Has conversation at a dinner party or bar started to flag? Or perhaps the chat around the barbecue has exhausted the rugby, fishing and Trump subjects?
Then turn to one of the oldest tricks in the book and ask “who do you think was the greatest (dot, dot, dot) of all time” and fill in the blanks.
Chef, javelin thrower, politician, American president, film star, whatever; you get the picture.
Rarely will everybody agree on that ‘‘greatest’’ title but usually it comes down to a shortlist of three top choices. And often good friendships are severely tested during a ‘‘friendly’’ chat that morphs into a debate and teeters on the edge of an argument.
The definition is impossible to give to any person in almost any walk of life but most especially in sport, particularly a sport that has changed considerably over time. When it comes to motorsport — and in particular Formula 1, as you knew it would — there is little comparison between the sport in the 1940s-50s and and even the 1960s when you consider the same sport through the 1990s to today.
Yet, every so often a new ‘‘study’’ comes out that proves, apparently beyond doubt, who the greatest driver of all time was. The latest ‘‘study’’, as reported in the New Zealand Herald last week, has been completed by the University of Sheffield’s Methods Institute and titled Formula for success: Multilevel modelling of Formula One Driver and Constructor performance, 1950-2014.
The study purports to concentrate on the relative drivers’ talents but then uses statistics to come up with the answers.How sheer talent can be measured in numbers, I have no idea. Some of the most talented drivers in history had low statistical success.
Widely recognised as one of the most talented drivers of all time — by people in the sport as opposed to a university — is Sir Stirling Moss, or Sir God as he is popularly known by many motorsport people, yet he does not figure in the top echelon of this study; reaching only 30th in fact. He never won a Formula 1 World Championship, so statistics ignore his talent.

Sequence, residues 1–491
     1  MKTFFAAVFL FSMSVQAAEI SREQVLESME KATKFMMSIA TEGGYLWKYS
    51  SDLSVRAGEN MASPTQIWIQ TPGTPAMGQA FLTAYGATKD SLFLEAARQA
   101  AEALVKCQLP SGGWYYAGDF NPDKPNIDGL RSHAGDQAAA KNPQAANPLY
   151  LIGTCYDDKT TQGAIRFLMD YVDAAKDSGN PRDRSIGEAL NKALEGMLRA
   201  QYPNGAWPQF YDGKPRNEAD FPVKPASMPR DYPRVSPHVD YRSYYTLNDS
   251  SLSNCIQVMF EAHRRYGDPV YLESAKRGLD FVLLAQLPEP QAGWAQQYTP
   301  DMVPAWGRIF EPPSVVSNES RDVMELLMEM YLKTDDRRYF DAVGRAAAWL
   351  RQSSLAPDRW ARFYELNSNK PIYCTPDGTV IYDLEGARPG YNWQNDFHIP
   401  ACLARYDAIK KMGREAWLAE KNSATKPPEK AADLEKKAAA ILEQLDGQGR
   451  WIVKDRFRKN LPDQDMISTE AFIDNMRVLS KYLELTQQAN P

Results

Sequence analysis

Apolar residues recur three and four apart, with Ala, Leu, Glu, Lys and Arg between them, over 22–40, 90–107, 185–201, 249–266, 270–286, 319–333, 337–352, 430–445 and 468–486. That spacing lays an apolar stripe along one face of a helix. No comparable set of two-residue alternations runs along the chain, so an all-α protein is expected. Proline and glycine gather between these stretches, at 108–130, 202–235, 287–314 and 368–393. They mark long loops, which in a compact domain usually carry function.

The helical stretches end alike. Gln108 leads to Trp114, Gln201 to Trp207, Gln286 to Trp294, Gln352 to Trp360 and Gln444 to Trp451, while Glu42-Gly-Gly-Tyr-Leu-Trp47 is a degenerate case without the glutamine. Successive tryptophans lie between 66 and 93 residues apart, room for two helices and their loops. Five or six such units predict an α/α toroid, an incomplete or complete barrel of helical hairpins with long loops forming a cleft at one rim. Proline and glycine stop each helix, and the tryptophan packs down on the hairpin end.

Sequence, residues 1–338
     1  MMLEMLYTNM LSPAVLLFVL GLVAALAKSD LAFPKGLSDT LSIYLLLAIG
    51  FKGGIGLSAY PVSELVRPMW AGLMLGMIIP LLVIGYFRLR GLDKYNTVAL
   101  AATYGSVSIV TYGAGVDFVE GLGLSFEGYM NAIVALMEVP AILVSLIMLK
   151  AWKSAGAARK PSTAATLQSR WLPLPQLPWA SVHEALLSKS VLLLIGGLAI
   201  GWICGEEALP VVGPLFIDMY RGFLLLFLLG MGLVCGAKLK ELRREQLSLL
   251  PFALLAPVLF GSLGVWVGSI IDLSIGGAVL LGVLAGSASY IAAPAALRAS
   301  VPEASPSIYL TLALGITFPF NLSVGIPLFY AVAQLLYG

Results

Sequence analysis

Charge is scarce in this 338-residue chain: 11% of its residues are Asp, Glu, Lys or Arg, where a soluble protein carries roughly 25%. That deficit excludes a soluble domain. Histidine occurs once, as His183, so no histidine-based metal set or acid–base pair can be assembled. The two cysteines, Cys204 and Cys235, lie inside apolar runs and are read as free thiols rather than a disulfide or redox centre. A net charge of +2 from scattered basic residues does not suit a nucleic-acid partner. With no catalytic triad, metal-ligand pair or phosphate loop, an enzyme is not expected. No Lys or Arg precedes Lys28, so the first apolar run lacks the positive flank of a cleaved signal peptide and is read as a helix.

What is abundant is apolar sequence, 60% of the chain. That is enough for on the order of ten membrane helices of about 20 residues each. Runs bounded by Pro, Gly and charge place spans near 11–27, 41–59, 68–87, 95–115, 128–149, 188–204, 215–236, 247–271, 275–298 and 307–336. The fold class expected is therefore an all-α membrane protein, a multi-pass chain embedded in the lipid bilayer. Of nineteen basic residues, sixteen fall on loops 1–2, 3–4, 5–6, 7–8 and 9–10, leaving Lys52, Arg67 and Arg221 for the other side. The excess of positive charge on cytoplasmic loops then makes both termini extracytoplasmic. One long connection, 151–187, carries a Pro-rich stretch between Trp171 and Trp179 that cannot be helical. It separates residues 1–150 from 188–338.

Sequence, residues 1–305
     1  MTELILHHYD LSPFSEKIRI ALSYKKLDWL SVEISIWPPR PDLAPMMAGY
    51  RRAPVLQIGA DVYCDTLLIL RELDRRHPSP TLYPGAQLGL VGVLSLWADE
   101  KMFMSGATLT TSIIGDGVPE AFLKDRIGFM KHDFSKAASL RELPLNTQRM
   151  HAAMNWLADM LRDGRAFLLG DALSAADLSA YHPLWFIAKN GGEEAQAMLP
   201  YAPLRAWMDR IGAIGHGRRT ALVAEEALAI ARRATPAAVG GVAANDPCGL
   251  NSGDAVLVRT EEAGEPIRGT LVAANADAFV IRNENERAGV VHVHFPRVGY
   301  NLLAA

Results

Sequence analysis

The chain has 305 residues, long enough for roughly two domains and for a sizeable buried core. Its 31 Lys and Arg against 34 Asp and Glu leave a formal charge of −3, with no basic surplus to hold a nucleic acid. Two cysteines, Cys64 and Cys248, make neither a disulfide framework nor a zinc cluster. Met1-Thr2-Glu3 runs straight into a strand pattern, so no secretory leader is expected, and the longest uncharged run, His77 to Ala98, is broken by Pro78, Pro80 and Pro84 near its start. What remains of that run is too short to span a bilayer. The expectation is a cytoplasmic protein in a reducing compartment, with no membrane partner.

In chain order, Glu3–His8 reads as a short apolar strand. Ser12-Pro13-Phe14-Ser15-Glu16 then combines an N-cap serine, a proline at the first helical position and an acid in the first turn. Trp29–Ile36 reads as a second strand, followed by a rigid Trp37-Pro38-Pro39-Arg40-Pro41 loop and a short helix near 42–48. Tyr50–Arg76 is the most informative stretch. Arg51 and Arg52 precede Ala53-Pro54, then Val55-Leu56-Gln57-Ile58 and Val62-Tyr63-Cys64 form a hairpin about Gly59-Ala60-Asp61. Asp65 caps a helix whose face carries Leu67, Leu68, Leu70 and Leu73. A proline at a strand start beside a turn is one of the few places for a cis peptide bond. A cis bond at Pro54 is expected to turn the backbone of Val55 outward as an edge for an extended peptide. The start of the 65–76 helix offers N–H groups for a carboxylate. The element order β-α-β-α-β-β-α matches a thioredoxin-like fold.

The 18th-century American statesman Henry Clay had it about right we he said “Statistics are no substitute for judgment”.
When the university people crunched the statistics the top driver was proven to be Juan Manuel Fangio. Niki Lauda was not even in the top 100. (Lauda, you might remember, won 21 Grands Prix and three World Championships but apparently was not, according to the wise academics, talented enough to be included in the top 100.)
Fangio is credited with five World Championships and 24 wins.
However, Christian Fittipaldi (nephew of the the famous double world champion and winner of 14 Grands Prix Uncle Emerson Fittipaldi) who never even stood on a podium, on any step is rated at number 11 on the list. Uncle Emerson is at number nine.
I am sure that the university people are clever but I would question whether they have too much time on their hands by spending weeks, and it must have been weeks or more when you look at the study report, trying to put into numbers the value of talent. In the study they discount the effect the driver’s team had on their success, which is also, in my opinion, a fatal flaw.
As good as he may have been, Fangio had the benefit of taking over his team-mate’s car at the 1956 season-ending Italian Grand Prix. Fangio’s Ferrari team mate Peter Collins was also in a position to win the World Championship but handed over his car to Fangio whose own car had developed problems, giving Fangio the world title.
Michael Schumacher, Alain Prost, Mika Hakkinen, Jim Clark and many others were instrumental in developing their various teams into race winners, so their own statistics were consequently damaged by that but they had the talent to do it. I met Fangio on a number of occasions but never saw him drive in competition.
I am sure he is more than worthy of being top of the “greats” of the sport but I do think that his achievements are often looked at with romanticism and just a hint of rose tint. The study is based on measuring talent by statistics but that gift is indefinable. We can all paint a wall but in no way are most of us talented enough to be a Matisse or Michelangelo.
The study trivialises the talent many champions possessed — so much so that it becomes spurious — but nonetheless, it is a good discussion to have and opinions will be divided as to whether Lewis Hamilton or Nico Rosberg would have been quicker than Fangio or Alberto Ascari.
Personally I think Ayrton Senna had more talent than all of them — and was the greatest of all time. He sits at number four on the list.
And that topic forms a discussion I have had over a beer many a time. Sadly we will never know the real answer.
source: Bob McMurray / driven.co.nz